IN A LEAGUE OF THEIR OWN
There’s got to be a way to blockbuster – and there undoubtedly will be with the Justice League in town. One of the movie’s stars, Ezra Miller, talks about the challenges of portraying iconic superhero The Flash.
Justice League star Ezra Miller discusses his role in one of the year's biggest blockbusters
No-one who has seen Ezra Miller act will be surprised to learn that he was a sensitive, creative and slightly eccentric child. The 25-year-old actor has built a career on playing the entire spectrum of odd. He was vicious and terrifying in We Need To Talk About Kevin; played the flamboyant-but-self-destructive misfit Patrick in The Perks Of Being A Wallflower; and essayed the part of an uproariously kinky intern in the Amy Poehler comedy Trainwreck.
Miller, who identifies as queer, always looked to pop culture to find characters he identified with; characters who were quirky, passionate, intelligent and challenged the macho cultural idea of who gets to be a hero. And when he didn’t find those characters, he would just make them up.
“As a kid, I also put a lot of time and energy into writing and drawing comics,” he recalls. “I had a whole series about three elderly women who were assassins, which was called I’m Getting
Too Old For This. I even invented a superhero called Super Pig, who was a chameleonic swine of sorts! My nanny has a massive collection of Super Pig merchandise I hand-made, including shirts, action figures and comic book issues; the comics were drawn with one crayon. I was a one-man studio then!”iller admits that The Flash wasn’t one of his favourite heroes as a child, although he later came to connect with the character, noting that they’re both “nerds”.
“I was inspired by crows, cheetahs and mongooses.”
He found that The Flash’s vulnerability made him easier to identify with than more proud and powerful superheroes.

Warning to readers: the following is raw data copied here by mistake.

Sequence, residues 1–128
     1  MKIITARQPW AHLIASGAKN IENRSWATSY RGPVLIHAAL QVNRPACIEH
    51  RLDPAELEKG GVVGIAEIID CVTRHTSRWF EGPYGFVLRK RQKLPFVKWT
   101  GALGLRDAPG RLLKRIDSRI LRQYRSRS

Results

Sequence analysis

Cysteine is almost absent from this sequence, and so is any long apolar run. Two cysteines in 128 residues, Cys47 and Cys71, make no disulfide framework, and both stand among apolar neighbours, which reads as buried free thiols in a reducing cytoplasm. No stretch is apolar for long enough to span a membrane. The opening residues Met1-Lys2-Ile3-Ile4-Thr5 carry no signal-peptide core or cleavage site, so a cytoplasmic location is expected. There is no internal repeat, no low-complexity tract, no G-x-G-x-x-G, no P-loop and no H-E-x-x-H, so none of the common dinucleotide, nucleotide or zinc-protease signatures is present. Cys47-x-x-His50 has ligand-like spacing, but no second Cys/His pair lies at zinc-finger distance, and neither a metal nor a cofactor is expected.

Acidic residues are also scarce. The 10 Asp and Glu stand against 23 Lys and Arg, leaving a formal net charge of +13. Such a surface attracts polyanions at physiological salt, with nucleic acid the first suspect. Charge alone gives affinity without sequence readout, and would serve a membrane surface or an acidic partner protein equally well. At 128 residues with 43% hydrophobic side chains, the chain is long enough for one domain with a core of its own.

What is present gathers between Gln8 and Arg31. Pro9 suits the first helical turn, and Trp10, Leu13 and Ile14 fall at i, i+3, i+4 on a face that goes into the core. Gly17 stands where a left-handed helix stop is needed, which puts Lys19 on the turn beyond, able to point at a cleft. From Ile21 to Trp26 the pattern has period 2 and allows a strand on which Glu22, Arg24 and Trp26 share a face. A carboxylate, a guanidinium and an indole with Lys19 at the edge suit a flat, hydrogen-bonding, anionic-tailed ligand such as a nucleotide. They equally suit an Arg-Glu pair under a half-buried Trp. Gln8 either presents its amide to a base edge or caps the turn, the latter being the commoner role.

“The Flash – aka Barry Allen – is not infallible or immortal,” Miller notes. “He is very much a fragile, vulnerable human being. He’s also somewhat socially inept. He is also not fearless. My version of Barry experiences crippling anxiety and terror, and he uses wit and humor to deal with that fear. Barry has been endowed with these powers, some of which he’s incapable of handling because he’s human. At the same time, becoming a quantum anomaly of sorts is changing and growing Barry’s perceptual capacities, and his appreciation for everything that’s happening around him. This was all very inspiring for me to explore.”
While Marvel took literally a decade to introduce fans to their individual players, DC is diving straight into the group dynamic of the Justice League. As well as featuring Batman
(Ben Affleck), Wonder Woman (Gal Gadot) and Superman (Henry Cavill), the film also heralds the arrival of many new characters, including Aquaman (Jason Momoa), Cyborg (Ray Fisher) and Steppenwolf (Ciaran Hinds).
Miller is excited to introduce a new team-based film to cinema fans, believing it eliminates some of the individual egoism inherent in singlecharacter films.
“What’s so wonderful about the idea of a team of superheroes is the contradiction it presents to the premise of individual heroism. That’s endemic in superhero mythology, in which one person with power is the only hope for salvation. In the Justice League, there’s a nice reminder that as interconnected beings, we need each other no matter how strong we are.”
The film posits that in unifying across lines of division, the heroes become an even greater force – even though they still have their own individual powers.
“It’s what we do on film sets too, you know?” Miller observes. “With the specification of labour, Arthur, the sound guy, holds the microphone above his head all day long. I pretend to run. Emmy does make up. Jason Momoa breaks